Drugmakers to disclose payments.
Eli Lilly & Co. was the first company to step forward, followed a day later by Merck & Co.
Lilly is starting a registry that will compile payments to physicians who have served as speakers or advisers for the company. it will be available to the public on the company's Web site as early as the second half of 2009, Lilly officials said in a statement. The registry will be updated each year to reflect the previous year's payments.
The company said that by 2011, it aims to report whatever is required under the proposed Physician Payments Sunshine Act. That bill (S. 2029) was introduced by Sen. Chuck Grassley (R-Iowa) and Sen. Herb Kohl (D-Wis.) in November 2007. As currently written, it would require manufacturers of pharmaceuticals, medical devices, and biologics to disclose the amount of money they give to doctors through payments, gifts, honoraria, and travel. Product samples for patients would be excluded.
The bill was endorsed by several major drug companies, including Lilly and Merck, by the Pharmaceutical Research and Manufacturers of America, the Advanced Medical Technology Association, and by the Association of American Medical Colleges, among others. But it has not had any movement since its introduction.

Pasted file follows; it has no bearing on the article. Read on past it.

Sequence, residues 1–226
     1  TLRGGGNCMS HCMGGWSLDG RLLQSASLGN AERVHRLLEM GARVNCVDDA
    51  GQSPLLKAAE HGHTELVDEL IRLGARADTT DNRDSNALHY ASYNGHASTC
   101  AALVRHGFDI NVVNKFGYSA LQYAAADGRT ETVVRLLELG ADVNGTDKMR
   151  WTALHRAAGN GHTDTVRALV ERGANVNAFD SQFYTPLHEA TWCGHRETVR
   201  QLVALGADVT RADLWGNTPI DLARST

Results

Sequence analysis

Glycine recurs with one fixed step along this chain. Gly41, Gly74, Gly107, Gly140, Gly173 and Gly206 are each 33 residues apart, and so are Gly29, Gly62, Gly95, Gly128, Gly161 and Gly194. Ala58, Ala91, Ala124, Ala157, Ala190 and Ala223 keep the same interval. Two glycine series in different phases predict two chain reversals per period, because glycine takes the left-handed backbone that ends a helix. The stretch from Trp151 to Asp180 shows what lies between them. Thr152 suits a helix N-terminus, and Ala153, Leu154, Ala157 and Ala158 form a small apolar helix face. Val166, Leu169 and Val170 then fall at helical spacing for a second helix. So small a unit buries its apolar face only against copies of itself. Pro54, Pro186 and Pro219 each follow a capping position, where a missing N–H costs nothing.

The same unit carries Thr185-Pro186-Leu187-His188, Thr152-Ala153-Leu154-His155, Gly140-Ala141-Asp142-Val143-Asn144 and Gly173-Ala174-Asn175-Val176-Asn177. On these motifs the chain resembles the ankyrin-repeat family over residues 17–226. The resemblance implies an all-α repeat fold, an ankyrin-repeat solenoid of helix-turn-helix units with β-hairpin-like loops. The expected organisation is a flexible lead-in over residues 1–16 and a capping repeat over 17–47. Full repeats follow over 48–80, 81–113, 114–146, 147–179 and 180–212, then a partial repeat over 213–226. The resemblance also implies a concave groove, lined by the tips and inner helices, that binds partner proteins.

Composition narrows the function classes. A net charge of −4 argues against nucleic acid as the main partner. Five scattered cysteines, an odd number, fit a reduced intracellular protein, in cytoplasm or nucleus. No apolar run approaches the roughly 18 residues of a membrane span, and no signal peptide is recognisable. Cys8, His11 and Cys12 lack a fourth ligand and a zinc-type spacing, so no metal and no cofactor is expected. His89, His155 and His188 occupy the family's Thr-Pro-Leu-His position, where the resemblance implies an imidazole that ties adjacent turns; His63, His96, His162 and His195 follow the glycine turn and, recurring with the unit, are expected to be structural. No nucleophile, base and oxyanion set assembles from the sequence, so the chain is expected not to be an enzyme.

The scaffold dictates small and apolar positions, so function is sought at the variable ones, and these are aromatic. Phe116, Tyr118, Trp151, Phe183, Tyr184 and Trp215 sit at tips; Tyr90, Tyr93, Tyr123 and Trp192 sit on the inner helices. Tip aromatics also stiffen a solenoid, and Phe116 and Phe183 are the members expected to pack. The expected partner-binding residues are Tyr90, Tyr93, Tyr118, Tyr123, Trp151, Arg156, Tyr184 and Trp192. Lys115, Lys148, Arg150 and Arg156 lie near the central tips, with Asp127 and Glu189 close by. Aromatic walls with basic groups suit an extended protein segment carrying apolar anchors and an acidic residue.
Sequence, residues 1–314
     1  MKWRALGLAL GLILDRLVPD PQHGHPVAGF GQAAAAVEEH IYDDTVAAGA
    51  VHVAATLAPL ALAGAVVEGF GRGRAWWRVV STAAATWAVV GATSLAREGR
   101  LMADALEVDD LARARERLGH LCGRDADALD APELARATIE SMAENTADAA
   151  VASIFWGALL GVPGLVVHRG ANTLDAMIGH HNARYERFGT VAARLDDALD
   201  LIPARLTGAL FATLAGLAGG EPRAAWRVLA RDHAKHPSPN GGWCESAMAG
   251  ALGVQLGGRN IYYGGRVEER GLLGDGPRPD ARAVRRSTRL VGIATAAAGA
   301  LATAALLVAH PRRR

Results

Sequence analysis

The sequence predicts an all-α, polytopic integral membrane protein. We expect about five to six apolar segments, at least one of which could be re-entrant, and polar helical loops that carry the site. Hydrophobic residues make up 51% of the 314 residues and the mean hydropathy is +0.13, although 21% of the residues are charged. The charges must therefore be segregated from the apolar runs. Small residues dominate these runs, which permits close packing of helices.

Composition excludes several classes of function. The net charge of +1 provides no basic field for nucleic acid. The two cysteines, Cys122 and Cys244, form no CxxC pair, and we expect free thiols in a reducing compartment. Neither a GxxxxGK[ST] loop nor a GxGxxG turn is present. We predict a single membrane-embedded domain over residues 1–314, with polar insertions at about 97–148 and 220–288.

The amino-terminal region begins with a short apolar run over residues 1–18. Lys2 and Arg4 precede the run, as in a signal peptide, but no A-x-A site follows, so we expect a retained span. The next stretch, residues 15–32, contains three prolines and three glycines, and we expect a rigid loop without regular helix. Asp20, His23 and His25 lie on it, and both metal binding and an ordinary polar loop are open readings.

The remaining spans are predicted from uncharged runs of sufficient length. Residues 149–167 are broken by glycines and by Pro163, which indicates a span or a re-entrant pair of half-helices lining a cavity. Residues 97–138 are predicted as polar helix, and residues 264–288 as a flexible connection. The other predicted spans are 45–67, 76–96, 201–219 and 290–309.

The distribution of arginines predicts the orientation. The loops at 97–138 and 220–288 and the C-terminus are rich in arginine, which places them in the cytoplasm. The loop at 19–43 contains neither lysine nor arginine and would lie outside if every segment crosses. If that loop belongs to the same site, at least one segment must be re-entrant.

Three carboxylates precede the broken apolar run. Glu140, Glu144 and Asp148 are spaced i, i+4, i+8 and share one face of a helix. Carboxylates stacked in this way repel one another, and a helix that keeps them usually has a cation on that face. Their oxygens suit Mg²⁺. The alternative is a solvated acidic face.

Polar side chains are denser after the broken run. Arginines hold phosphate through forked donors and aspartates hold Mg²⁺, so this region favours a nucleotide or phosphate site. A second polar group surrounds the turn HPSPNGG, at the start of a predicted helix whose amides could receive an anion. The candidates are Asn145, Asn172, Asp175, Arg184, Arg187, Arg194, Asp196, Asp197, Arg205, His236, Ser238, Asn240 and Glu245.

In a statement, Sen. Kohl congratulated Lilly, saying the company was "fulfilling the obligations of the Physician Payments Sunshine Act before it has been enacted."
Merck said that it will disclose grants to patient organizations, professional societies, and others for "independent professional education initiatives," which would include CME. Next year, it will include other grants made by the Merck Company Foundation and the Merck Office of Corporate Contributions, The Information will be posted on its Web site. Beginning in 2009, the company will also start disclosing payments to physicians on its speakers bureau.tical company funding of CME as a mandate, "not a luxury."
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|Title Annotation:||Practice Trends|
|Publication:||Internal Medicine News|
|Date:||Nov 1, 2008|
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